Friday, 28 August 2009

The Fear

Every so often, usually as a "friendly" Alsatian leaps towards your jugular, someone, the owner, will utter "don't be afraid they can smell fear." If dogs can really smell fear then a Social Services office will turn the most docile lapdog into a snarling frenzy, whizzing round in an incoherent blur like the Tasmanian Devil in a town centre after a night on the Stella.

Social Services offices operate on pure fear. Social Workers fear that they're one mistake, one bad call, one lapse of memory away from putting a client at risk. Unqualified staff are terrified of getting out of their depth and being swept away by swift currents of disciplinaries and HR procedures. Even admin staff carry the fear that their mistakes will result in them being told to clear their desks.

For anyone facing a disciplinary and losing your job is a terrifying prospect. For Social Workers removal of their registration means they are left to wander the barren wilderness outside the high walls of the profession they worked so hard to enter. A loss of livelihood at the very least. If your mistake has put someone at risk or worse your livelihood will be the least of your concerns. Most people in Social Services take things home with them; We reflect on where we went wrong, where we could have done more, where we failed and usually what we will do better next time. For the condemned, stripped of their previous honours, judged to have been found wanting in the course of their duties, there is no next time. Only regret.

It is of course essential that the professionals who we rely on are up to the job. It is right that those who are unsuitable, reckless, untrustworthy or negligent should be removed from their posts. The great problem however is that in a climate of underfunding it is difficult to see where blame should lie. Should the individual Tommy take the blame for failure to reach their muddy objective, was it their poor handling of their rifle which led to their comrades perishing, or was it the plan devised by the officers that was flawed, poor training, poor equipment or a combination of factors.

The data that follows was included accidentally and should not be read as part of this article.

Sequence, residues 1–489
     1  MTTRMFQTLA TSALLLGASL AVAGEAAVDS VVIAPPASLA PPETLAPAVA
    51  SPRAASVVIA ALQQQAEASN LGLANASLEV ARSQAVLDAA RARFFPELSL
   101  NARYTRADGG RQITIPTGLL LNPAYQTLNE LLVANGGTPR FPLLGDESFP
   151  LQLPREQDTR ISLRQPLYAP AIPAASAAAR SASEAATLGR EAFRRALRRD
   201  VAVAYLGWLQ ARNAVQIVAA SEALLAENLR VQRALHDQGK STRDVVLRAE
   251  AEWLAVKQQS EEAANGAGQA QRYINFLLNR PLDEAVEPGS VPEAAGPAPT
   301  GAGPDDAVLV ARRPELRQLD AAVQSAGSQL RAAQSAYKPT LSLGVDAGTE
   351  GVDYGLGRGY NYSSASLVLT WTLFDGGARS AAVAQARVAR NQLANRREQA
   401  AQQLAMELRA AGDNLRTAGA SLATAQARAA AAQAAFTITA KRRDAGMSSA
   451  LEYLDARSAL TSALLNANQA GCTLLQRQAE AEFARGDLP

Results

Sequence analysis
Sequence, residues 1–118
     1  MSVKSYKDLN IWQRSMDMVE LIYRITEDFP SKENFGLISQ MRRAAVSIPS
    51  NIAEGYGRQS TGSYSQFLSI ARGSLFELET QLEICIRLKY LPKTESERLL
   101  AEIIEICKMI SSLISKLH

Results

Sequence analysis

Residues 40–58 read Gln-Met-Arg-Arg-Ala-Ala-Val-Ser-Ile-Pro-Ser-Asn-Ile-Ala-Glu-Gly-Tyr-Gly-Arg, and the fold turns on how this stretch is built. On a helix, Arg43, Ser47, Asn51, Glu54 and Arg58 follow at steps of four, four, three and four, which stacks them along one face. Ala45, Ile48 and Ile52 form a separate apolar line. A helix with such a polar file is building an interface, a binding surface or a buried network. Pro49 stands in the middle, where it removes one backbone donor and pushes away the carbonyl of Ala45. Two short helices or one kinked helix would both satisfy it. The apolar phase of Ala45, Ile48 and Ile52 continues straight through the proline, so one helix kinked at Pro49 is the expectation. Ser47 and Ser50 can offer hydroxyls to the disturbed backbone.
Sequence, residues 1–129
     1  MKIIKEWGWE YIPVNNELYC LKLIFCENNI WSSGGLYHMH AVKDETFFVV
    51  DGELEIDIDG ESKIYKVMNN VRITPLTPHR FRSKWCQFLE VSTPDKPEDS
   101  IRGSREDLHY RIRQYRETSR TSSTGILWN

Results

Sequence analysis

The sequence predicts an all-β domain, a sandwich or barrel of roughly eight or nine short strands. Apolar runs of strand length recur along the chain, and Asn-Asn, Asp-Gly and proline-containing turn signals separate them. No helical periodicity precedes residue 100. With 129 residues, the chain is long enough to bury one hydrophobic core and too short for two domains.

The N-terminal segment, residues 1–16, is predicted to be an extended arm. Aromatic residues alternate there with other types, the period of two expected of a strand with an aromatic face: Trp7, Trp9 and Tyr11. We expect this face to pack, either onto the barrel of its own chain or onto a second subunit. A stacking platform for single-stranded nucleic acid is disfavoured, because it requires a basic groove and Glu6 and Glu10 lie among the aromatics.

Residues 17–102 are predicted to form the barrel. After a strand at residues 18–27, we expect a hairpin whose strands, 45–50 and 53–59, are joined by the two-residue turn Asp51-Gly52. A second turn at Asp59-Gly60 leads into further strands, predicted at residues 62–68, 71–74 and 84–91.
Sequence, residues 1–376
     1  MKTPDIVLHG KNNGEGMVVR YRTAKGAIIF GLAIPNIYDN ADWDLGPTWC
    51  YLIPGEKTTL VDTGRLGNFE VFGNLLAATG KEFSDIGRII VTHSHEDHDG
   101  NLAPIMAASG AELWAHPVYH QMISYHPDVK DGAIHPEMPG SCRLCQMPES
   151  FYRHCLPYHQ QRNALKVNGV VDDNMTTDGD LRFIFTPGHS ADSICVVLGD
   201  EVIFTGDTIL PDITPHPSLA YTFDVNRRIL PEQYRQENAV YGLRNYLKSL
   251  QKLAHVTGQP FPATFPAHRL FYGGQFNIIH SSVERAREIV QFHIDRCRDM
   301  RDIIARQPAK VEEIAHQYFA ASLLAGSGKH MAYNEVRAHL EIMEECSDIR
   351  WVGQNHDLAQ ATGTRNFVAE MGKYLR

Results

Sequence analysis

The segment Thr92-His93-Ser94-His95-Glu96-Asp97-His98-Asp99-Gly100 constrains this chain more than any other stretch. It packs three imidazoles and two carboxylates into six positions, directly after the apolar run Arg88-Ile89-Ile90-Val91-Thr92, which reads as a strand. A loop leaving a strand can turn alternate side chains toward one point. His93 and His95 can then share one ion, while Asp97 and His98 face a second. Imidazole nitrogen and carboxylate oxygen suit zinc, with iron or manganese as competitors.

It is accepted wisdom that mistakes take place in environments where there is poor leadership, scarcity of resources and high caseloads. When an individual is under pressure they are more likely to make the mistake which costs them their job. Often managers are keen to delegate blame to individuals. To admit a system is at fault is to admit they are at least partly at fault.

In the meantime the fallen are shrouded in secrecy; not to be spoken of. The remaining staff are told not to contact their colleague during proceedings. When a final decision is taken they are told the individual is 'no longer with the authority.' They no longer exist.

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